Japan signs trade agreements with Taiwan despite ongoing dispute over nuclear food ban
- The pacts pertain to customs clearances, patent exchanges, business partnerships, trade in medical equipment and joint research
Japan signed five trade agreements with Taiwan on Friday, despite the ongoing ban on imports of Japanese food products that Taipei imposed after the 2011 Fukushima nuclear disaster.
It had been feared that the ban, which is to be upheld following last week’s national referendum, could upset trade ties between the two sides.
Yet Taiwan-Japan Relations Association President Chiou I-jen and his Japanese counterpart, Mitsuo Ohashi, chairman of the Japan-Taiwan Exchange Association – the closest thing the two have to ambassadors in the absence of diplomatic ties – still signed one agreement and four memorandums of understanding at the Ambassador Hotel in Taipei, signalling their mutual desire to overlook the issue for now.
The agreement pertains to the speeding up of customs clearance process for goods traded between Japan and Taiwan, while the four MOUs deal with a wide range of trade issues, including the exchange of patent information, business partnerships, trade in medical equipment and materials, joint research, and cooperation in promoting small and medium-sized enterprises.
All five were signed only six days after Taiwanese voters approved a referendum requiring the government to maintain a ban on food imports from Fukushima prefecture and nearby Ibaraki, Gunma, Tochigi and Chiba prefectures.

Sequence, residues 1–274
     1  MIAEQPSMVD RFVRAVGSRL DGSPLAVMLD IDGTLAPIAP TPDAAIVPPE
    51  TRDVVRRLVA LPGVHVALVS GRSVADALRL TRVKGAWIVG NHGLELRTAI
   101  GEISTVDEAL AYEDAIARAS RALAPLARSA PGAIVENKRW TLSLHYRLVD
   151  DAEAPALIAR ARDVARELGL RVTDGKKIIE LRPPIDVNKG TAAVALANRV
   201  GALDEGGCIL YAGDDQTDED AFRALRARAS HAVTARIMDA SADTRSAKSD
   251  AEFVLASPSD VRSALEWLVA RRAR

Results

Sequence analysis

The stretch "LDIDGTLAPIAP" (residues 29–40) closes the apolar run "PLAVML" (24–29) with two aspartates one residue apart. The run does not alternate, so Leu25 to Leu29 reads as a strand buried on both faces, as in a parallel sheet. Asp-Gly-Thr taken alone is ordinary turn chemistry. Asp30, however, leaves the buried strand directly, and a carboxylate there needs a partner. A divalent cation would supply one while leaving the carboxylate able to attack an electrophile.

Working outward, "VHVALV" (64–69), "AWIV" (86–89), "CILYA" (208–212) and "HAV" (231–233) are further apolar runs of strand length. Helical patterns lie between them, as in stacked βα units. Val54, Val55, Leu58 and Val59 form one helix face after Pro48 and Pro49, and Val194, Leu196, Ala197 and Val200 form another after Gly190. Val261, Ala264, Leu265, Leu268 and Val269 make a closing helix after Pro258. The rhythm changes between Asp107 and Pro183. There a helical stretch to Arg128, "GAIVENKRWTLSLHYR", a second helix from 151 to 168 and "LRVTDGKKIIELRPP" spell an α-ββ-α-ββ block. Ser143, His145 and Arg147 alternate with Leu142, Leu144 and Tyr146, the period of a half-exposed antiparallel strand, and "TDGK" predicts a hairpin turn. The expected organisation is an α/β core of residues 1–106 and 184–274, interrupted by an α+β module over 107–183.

In campaigning ahead of last Saturday’s referendum and in the days since, much attention focused on whether its passage would drive a wedge between Japan and Taiwan, especially when they are otherwise working to cooperate more closely on security matters.
According to diplomatic insiders, Ohashi expressed regret over the referendum result when he visited Taiwan President Tsai Ing-wen on Thursday.
Tsai reportedly described bilateral ties as “stable” and “close,” and said Taiwan hopes Tokyo will support its bid to participate in the second round of accession talks to the Comprehensive and Progressive Agreement for Trans-Pacific Partnership, an 11-nation free trade agreement in which Japan plays a leading role.
In the trade talks, Taiwanese negotiators raised that issue, Chang Shu-ling, secretary general of the Taiwan-Japan Relations Association, told a press conference after the signing ceremony. She also dismissed speculation that the food ban referendum would have any negative impact on bilateral relations, saying the trade agreements were a clear demonstration of close ties.
Japanese negotiators had asked Taiwan to ease the food ban on scientific grounds, while Taiwanese officials stressed the civic right of its people to affect policy through referendums.
On Thursday, Japanese Foreign Minister Taro Kono told the Diet that Tokyo did not rule out taking the matter to the World Trade Organisation, which has already ruled that South Korea’s import ban on seafood from Fukushima and other parts of Japan is “arbitrarily and unjustifiably” discriminatory. South Korea has appealed the ruling.
China, meanwhile, on Thursday lifted its ban on rice produced in Niigata Prefecture, but maintained restrictions on nine other prefectures.
Taiwan’s representative to Japan, Frank Hsieh, previously said that if China eased its restrictions before Taiwan, the latter would be “embarrassed” because it would become the only place to retain a comprehensive ban on Japanese food products from regions affected by the 2011 nuclear disaster.